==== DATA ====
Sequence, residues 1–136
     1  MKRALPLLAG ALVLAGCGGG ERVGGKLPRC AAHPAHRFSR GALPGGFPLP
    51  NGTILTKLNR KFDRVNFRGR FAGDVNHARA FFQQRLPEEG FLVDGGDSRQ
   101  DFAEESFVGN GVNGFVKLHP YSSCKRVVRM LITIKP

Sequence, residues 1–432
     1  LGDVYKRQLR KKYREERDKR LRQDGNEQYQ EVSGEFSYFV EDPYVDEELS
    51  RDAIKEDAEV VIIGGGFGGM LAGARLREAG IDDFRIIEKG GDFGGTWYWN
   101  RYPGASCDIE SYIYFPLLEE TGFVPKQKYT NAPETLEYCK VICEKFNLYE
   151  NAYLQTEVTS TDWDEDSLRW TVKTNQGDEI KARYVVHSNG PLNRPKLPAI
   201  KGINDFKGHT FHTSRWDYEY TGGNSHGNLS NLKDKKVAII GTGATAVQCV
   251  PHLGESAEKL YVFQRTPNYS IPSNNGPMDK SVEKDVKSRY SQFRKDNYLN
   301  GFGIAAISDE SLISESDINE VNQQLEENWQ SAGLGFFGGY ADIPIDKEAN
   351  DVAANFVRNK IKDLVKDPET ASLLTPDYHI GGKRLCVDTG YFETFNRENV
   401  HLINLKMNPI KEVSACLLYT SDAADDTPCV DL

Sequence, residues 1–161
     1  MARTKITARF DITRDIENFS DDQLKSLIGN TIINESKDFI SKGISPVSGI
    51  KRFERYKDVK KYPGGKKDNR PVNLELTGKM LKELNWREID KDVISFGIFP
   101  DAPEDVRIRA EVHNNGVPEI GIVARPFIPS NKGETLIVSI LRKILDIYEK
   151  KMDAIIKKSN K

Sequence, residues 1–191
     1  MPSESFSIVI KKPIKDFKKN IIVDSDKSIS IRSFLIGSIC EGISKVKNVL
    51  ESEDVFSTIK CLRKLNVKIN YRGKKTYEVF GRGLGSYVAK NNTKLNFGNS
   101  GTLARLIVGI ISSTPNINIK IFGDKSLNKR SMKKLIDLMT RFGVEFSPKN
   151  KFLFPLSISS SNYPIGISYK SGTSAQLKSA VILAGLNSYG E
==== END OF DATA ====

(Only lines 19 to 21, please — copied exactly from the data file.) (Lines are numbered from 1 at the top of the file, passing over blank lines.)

   151  KMDAIIKKSN K

Sequence, residues 1–191
     1  MPSESFSIVI KKPIKDFKKN IIVDSDKSIS IRSFLIGSIC EGISKVKNVL